• Free and Open-Source - WordPress is free to download and use. The cost is when you are hosting the site on your own, and many hosting companies provide support for setting up a Wordpress site. Open-source projects are typically free, with large communities. 
  • Easy to Customize - In order to build a Wordpress site, you do not have to be a web designer or programmer. Many nonprofit websites start using WordPress without any prior knowledge of designing websites. WordPress themes are easy to customize because many of them come with their own options panel allowing you to change the background, alternate colors, upload pictures, create beautiful sliders, and truly customize it to your needs without writing any code.
  • SEO Friendly - SEO can make or break the success of a nonprofit website. So it's something that you need to start focusing on from the inception of your site. By design, WordPress is very SEO friendly out of the box because it handles the semantic markup for you. You can also use WordPress SEO plugins to optimize your website further.
  • Integrations/Plugins - WordPress is compatible with many different third-party tools known as plugins or widgets in the Wordpress ecosystem. Thousands of plugins continuously upgrade your site and allow for additional features. In addition to plugins and widgets, you can integrate things like email marketing software, payment gateways, Google Analytics, and countless other components that you might need to run a fully functional nonprofit website. These integrations allow your site to grow in functionality and provide more value to your audience.
  • Media Types - WordPress is not just limited to writing text; the platform allows for many different media types. It has a built-in media uploader to handle images, audio, and video files. WordPress supports oEmbed-enabled websites, which means you can embed YouTube videos, Instagram photos, Tweets, and Soundcloud audio by just pasting the URL in the WordPress post editor.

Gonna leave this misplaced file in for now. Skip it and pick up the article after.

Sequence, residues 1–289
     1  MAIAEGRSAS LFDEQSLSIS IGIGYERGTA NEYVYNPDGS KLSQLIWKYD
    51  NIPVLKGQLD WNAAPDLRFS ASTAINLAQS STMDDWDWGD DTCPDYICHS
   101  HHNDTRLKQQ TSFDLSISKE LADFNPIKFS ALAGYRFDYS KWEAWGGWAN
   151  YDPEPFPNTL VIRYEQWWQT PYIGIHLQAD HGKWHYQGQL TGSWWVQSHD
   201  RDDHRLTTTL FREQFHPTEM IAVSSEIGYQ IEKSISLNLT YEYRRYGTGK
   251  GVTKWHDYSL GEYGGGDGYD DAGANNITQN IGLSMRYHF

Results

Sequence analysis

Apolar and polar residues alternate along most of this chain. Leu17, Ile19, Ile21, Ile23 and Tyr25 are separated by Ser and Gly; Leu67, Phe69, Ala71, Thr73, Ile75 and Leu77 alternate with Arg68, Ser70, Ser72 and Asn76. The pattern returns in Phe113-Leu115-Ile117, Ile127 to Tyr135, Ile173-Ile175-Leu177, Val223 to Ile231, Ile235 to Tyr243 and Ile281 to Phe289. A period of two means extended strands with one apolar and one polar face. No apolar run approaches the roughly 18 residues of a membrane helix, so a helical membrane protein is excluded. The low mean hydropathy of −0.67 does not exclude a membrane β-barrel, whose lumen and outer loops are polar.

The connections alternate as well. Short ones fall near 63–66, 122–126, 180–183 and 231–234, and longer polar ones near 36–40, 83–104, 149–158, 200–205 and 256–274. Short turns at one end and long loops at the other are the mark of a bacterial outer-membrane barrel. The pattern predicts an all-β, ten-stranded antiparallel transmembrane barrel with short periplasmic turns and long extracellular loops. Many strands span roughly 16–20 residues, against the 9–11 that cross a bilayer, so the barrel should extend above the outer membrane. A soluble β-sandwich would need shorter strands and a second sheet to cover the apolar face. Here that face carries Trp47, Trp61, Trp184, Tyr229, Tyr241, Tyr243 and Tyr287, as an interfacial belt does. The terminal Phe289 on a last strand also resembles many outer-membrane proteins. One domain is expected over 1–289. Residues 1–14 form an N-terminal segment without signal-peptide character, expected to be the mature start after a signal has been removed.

Some of the advantages of a Wordpress site can also hinder a nonprofit organization. Here are a few reasons not to choose Wordpress:

  • Maintenance Costs - Once you get your website up in WordPress, you have to make sure to maintain the theme and plugins constantly. WordPress sites often have an update error or break down every 3 months or so, and they need to be constantly fixed and updated as online technology changes. Be prepared to hire at least one or multiple WordPress developers to fix a problem on your site.
  • Plugins - WordPress plugins increase functionality, and while it might seem like an excellent option to make your website look better and more personalized, you take risks with each installed plugin. Each plugin is created by some random Joe or developer company you've never heard of, which means you'll need to hire a WordPress developer to ensure your nonprofit website is still working correctly. And this can often cost anywhere between $300 and $1000 per 3 months to make sure all is working well. Also, since different people create plugins, there is no guarantee they will work together. One might work beautifully on your site, but adding another might cause the site to slow down or crash altogether.
  • Software Upgrades - WordPress has regular software updates to keep its platform functioning properly for its users, usually at least once a month. The trouble with these updates is that they can cause issues with the theme you use on your site or break your plugins because they are no longer compatible with the new updates. There have been plenty of times where the random Joe above stops working on a plugin, and then after a software update, the plugin doesn't work anymore.
  • Targeted Malware - There are thousands of websites that use WordPress to create their website, which means that all of those people have very similar-looking websites from the front and back end. If a bug can find a security flaw on one site, the same flaw exists on hundreds of other sites, now making them all vulnerable targets. If your website is not being managed and updated consistently, don't be surprised when someone hacks your website. Coders and hackers love to mess with WordPress to try and break the site to use it for their own purposes or hijack the site for ransom. For this reason alone, WordPress is a nightmare to deal with.